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Friday, September 30, 2011

Autumn Outdoors

Each day I notice more signs of autumn.

The temperature changes are dramatic.  Being outdoors means constant movement; to stay warm requires staying in the sunlight.  I continuously move the position of my chair.  If I'm outside writing or gardening, I follow the sun.

Fall changes are stunning. The deep wine shade of the fruit cones on the staghorn sumac indicates that they are nearly ripe.

As their leaves turn yellow, the hard green grapes have become powdery purple on the grapevines.

Soon enough, a grey squirrel or starling or pheasant will feast on nature's bounty.

Fuzzy flowerbuds are forming on the Saucer Magnolia, in preparation for next spring's blooms.

Because it is a tender tree in the Maritimes, we will wrap it to protect the stems and buds from the worst of winter.

It is the time of year to transplant ferns and lilies and hostas.  Lots of digging and hands in the soil.

Once that is finished, perhaps my fingernails will grow longer and lose their stains.  My fingertips are rough and ragged.  My skin is scratched and ripped from working with roses and barberry bushes.  Gardening is so hard on my hands.

Can you see the squirrel
on the fence?

I do love this season of changes.  There is nothing to compare with sitting on the porch on a cloudless autumn afternoon, sharing a glass of wine and conversation with a dear friend
and simply enjoying the yard.

All photos are mine.

Thursday, September 29, 2011

Signs of Autumn

Signs of Autumn

September ends.  This month flew by, full of warm fall days and cooler nights.  Leaves are changing colour as the gardens succumb to rest.  The hummingbird feeders are inside until next spring and the birdbath is seldom used anymore.

Wisteria leaves are starting to turn golden, then drop.  The red begonias are nearly done; another chilly night or two and they'll be gone.

Rose petals fall, making mulch-weeding a sweetly fragrant, almost pleasant chore.

After the wet summer we had, I am busier than usual outdoors catching up on gardening, readying for fall, thinking ahead to next spring and enjoying the balmy days, the ripened seeds and fruits, the perfect dream blue skies and refreshing promise of autumn in the air.

Wednesday, September 28, 2011

Divergent Philosophies

A line of ancient maples separates two properties.  On one side, a stately home built in the mid 1800's is transformed into an Historic Inn, a Bed and Breakfast.  On the other stands a house of similar vintage, now under renovation, undergoing changes and modernization.

On one side, the maples have reached a height of five stories; on the other, two have been cut down, reduced to three-foot stumps.  That hasn't satisfied the owner's need for change, for tidiness.  Someone hacked at the stumps, burnt them, sought to eradicate them completely.  Yet the two stumps still stand, glisten in the rain, releasing a smell of charred wet wood.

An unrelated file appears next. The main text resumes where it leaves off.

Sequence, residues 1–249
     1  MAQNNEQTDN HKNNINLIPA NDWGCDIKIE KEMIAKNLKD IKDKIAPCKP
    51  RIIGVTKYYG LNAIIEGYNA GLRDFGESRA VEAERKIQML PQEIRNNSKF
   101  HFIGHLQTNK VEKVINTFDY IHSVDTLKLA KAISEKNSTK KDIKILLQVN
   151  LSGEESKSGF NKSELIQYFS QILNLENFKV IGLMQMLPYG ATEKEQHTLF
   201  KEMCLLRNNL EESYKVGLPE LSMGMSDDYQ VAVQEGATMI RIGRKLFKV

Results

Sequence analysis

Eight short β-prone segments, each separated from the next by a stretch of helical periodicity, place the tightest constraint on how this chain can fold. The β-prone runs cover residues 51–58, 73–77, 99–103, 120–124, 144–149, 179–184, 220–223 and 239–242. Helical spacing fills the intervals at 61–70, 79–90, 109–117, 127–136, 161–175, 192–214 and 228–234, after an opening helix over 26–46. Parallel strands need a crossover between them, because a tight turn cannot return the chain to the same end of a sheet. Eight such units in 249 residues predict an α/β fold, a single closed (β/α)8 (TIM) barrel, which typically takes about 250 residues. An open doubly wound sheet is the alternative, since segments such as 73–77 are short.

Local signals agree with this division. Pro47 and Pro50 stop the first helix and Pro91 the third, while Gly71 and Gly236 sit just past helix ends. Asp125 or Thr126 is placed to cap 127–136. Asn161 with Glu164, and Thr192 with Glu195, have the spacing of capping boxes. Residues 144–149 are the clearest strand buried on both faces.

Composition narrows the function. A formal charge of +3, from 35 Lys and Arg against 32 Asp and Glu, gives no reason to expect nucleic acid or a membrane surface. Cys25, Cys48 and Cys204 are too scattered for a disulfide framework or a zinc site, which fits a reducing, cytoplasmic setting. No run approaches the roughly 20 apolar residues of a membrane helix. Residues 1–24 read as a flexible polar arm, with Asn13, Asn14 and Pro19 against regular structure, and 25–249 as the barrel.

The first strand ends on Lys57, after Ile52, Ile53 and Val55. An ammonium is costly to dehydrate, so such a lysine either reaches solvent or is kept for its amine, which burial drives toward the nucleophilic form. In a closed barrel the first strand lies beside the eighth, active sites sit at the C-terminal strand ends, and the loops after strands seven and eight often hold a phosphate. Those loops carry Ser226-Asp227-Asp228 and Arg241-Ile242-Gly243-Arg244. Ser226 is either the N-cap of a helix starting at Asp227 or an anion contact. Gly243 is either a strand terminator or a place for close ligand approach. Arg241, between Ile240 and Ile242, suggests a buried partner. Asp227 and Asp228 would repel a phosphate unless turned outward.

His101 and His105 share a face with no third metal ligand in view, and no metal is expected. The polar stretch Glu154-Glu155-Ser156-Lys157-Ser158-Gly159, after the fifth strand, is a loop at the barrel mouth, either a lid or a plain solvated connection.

Prickly rose hips, barberry bushes and snowberry shrubs surround the scarred remains.  These bushes hug and shelter the stumps, as the great maples once sheltered them.

On the Inn side of the maples, there are curving beds of fading Black-eyed Susans and Coneflowers with deer roaming the yard and the orchards searching for autumn's rosy windfall apples.  On the renovation side, I see an electric fence, a tidy vegetable garden, manicured lawns and construction rubble.

As I walk, the rain thumps on my scalp and slides down my face.  I hear the buzzing happiness of hornets in the rotting apples, watch the deep-eyed deer, who in turn are watching me.  They are wary, yet continue to nibble at the apples or to rest.  Are they wondering from which side of the fence I have come, meandering into their orchard and yard?  Am I a chopper of maples, burner of stumps, caretaker of electric fences and tidy gardens?

I hope my answer is clear in my stillness, my respect, my awe at their quiet brown skin and delicate steps, apparent in my heartache over the destruction of old trees, my love of wet rose hips and bright red barberries.

A line of ancient maples separates two properties.  On one side is reverence for life in its wildness; on the other, there is a need to keep things out, to keep things in and to cut things down.  And in the middle, an electric fence with a sign "Do Not Touch-Warning High Voltage-Injury May Occur."  It seems to me, injury has already occurred...

Such divergent philosophies on each side of a shared property line of maples.

Tuesday, September 27, 2011

We Are Maritimers

A view over the water to the Nova Scotia shores in the distance